How the Fire Spreads

Today I am bringing you the second in a series of blogs written by my friend and co-laborer in Christ, Pastor Bruce Roeder on the topic of gossip and slander. Bruce writes a daily blog at The Counselors Desk


How the Fire Spreads

The quickest way to start a forest fire of slander and gossip is to accuse someone and not give them an opportunity to defend themselves or explain themselves. John Calvin put it this way:

It is a sign of a perverse and treacherous disposition to wound the good name of another, when he has no opportunity of defending himself.--John Calvin

Ouch! I think our friend John Calvin was in touch with his own depravity.

The doctrine of total depravity teaches us that we do not know ourselves and what we are capable of (Jer. 17:9). When accused, we react and instead of reacting in a God-honoring way we often react with counter charges or counter accusations. Scripture tells us what to do if we have something against another person or seek to accuse them we need to go to them first and try to resolve it.

“If your brother sins against you, go and tell him his fault, between you and him alone. If he listens to you, you have gained your brother. Matt. 18:15, ESV

Brothers, if anyone is caught in any transgression, you who are spiritual should restore him in a spirit of gentleness. Keep watch on yourself, lest you too be tempted. Gal. 6:1, ESV

Scripture goes even further when Jesus says if you know someone has something against you, you are to go them and make it right before you worship.

So if you are offering your gift at the altar and there remember that your brother has something against you, leave your gift there before the altar and go. First be reconciled to your brother, and then come and offer your gift. Matt 5:23-24, ESV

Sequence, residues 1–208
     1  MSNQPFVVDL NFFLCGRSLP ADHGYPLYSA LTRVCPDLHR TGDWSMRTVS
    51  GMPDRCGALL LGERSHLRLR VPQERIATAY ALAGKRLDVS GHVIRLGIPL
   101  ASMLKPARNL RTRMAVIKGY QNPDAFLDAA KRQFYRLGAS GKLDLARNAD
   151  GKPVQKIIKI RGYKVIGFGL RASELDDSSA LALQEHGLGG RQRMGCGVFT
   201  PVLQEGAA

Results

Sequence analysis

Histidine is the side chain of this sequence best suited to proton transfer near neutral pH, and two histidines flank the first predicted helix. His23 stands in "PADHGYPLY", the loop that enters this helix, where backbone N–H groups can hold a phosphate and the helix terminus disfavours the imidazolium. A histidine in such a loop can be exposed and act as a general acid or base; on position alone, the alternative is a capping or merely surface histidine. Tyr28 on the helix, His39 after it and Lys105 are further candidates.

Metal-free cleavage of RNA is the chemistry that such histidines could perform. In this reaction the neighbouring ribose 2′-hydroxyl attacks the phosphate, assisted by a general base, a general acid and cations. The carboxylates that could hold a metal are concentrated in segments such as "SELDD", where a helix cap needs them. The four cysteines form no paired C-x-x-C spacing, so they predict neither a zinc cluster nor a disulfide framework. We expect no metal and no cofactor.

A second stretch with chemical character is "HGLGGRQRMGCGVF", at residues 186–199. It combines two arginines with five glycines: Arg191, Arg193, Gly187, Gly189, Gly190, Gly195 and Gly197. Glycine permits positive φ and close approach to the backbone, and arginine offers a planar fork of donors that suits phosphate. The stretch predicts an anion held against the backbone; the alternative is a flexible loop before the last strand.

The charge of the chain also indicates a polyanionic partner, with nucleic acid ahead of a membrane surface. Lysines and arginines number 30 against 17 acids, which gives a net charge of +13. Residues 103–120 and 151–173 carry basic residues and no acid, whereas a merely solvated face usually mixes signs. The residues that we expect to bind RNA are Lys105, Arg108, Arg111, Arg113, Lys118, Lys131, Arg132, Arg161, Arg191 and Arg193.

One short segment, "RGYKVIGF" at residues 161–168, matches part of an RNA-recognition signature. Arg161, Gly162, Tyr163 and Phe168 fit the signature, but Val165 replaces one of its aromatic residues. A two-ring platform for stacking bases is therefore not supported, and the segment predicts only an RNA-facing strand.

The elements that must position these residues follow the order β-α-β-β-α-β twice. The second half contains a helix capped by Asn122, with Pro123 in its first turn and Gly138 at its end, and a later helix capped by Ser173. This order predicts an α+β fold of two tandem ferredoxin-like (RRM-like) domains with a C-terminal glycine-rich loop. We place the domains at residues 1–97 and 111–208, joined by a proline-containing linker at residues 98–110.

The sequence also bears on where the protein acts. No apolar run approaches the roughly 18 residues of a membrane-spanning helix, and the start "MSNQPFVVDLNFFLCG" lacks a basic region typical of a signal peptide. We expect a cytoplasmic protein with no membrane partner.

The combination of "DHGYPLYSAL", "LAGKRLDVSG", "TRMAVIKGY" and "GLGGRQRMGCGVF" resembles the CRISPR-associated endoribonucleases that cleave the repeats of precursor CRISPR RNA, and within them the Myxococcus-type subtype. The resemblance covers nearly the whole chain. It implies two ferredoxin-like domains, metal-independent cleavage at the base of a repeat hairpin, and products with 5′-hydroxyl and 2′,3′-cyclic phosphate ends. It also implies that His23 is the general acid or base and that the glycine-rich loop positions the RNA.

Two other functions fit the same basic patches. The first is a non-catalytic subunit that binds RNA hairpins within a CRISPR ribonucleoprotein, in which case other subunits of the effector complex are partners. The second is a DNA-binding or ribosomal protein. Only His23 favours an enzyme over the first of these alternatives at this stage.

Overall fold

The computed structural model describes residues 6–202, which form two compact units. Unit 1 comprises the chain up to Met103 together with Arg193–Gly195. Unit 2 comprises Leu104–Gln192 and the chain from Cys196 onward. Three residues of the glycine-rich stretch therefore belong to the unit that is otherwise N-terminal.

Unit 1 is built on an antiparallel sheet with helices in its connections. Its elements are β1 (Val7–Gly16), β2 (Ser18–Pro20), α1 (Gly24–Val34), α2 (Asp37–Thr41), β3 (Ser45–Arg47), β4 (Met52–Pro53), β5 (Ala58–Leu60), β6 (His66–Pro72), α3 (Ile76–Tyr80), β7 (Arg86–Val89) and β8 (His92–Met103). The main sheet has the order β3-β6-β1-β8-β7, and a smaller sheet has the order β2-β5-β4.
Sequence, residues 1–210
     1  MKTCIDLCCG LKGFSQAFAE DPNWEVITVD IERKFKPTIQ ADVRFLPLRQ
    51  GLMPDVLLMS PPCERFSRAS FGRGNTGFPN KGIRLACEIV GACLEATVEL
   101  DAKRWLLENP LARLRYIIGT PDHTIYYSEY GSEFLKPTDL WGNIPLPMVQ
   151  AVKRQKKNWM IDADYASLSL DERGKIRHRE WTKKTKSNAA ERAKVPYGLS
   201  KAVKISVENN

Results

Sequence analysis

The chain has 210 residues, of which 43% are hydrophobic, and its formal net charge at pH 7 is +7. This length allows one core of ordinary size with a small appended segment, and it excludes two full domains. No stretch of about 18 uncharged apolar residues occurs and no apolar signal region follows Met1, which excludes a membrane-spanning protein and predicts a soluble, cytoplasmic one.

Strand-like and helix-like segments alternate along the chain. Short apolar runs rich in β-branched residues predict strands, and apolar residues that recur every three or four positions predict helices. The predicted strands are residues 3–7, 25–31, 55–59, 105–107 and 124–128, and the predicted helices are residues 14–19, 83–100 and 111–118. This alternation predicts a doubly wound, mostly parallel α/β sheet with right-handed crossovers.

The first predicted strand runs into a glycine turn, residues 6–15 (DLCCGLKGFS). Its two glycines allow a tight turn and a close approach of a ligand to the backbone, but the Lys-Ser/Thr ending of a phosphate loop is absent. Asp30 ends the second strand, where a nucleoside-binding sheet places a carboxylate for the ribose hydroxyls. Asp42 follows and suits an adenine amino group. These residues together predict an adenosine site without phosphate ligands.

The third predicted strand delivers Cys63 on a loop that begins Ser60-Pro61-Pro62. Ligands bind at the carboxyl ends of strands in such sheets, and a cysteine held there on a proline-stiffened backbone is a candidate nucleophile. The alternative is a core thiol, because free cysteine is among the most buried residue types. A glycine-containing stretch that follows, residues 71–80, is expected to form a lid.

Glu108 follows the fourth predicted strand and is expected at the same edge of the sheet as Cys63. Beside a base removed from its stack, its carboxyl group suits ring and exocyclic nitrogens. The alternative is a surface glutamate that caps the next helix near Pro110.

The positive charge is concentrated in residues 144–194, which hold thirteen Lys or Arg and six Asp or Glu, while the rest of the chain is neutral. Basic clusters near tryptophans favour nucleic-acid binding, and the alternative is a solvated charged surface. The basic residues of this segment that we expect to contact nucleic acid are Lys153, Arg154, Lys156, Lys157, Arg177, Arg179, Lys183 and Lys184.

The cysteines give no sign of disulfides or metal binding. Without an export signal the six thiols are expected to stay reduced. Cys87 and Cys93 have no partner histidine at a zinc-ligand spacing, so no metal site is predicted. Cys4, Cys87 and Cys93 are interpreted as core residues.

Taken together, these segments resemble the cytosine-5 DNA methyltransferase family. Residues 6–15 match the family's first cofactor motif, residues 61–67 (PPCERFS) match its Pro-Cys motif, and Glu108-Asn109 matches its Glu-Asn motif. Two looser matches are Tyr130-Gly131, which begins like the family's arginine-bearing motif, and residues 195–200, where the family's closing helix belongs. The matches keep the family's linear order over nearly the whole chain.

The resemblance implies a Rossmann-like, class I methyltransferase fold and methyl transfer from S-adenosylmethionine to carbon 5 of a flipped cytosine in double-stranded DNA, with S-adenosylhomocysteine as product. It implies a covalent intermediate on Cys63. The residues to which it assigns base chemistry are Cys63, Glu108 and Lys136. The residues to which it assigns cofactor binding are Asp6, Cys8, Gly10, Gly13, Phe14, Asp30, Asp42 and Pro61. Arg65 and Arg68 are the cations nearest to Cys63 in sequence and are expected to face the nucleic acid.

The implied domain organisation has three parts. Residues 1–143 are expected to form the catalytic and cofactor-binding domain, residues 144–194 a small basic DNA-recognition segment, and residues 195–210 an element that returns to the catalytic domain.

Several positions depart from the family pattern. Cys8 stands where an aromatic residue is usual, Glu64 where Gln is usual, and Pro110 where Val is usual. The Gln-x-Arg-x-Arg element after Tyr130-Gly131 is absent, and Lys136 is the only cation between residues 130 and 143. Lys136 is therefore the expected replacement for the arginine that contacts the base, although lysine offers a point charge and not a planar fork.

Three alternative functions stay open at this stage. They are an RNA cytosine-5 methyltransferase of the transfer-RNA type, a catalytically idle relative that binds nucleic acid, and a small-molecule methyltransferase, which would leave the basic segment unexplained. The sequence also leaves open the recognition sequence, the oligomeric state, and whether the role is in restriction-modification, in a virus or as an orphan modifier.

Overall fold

Never Right to Return Evil for Evil

Repay no one evil for evil, but give thought to do what is honorable in the sight of all. Rom. 12:17, ESV

It’s never right to slander or gossip, even if you’ve been slandered or gossiped against first. That’s how the forest fire that begins as a spark turns into a raging forest fire that becomes impossible to contain. The flesh wants to lash out when we are accused and cannot defend ourselves and we do it’s like pouring gas on a fire instead of water.

If you suspect or know that someone has an accusation against you then Matthew 5:23-24 applies to you. The gospel doesn’t really give us the easy way out, does it?

Sadly, even if a person does what the Scripture requires it does not mean it will be received well or even received at all. If this is the case then Matthew 18:15-17 gives us further guidance as to how to handle the situation.

“If your brother sins against you, go and tell him his fault, between you and him alone. If he listens to you, you have gained your brother. But if he does not listen, take one or two others along with you, that every charge may be established by the evidence of two or three witnesses. If he refuses to listen to them, tell it to the church. Matt. 18:15-17, ESV

If the problem is not resolved biblically, according to Jesus’ teaching then it will only get worse until it involves the whole church. If gossip and slander are not nipped in the bud via the application of the gospel (the above verses and many, many more) then it is evitable that the forest fire of conflict will spread via the flames of gossip and slander.

(See Ken Sande’s The Peacemaker, for more information on how to nip a conflict in the bud by applying the gospel at the first signs of a conflict.)

Bridges calls gossip and slander respectable sins for a couple of reasons. First we tend to overlook them and only concern ourselves with the big stuff, like adultery and theft and so forth. Second, we have the attitude in regards to respectable sins that “everyone does it.”

In other words not everyone is a wife-beater, adulterer, arsonist, axe murderer or rapist but all are gossips and slanderers (including myself!) We tell ourselves that since everyone does it then it is somehow justifiable.

But look what John MacArthur writes about James 3:7-8:

James’s point in these two verses is simply that the human tongue is innately uncontrollable and untamable. It is wild, undisciplined, irresponsible, irrepressible, and savage. In what might be called its primitive or intrinsic evil, it combats every effort to control and direct it.

MacArthur, John: James. Chicago, Ill. : Moody Press, 1998, S. 157

Tomorrow we will conclude this excellent series!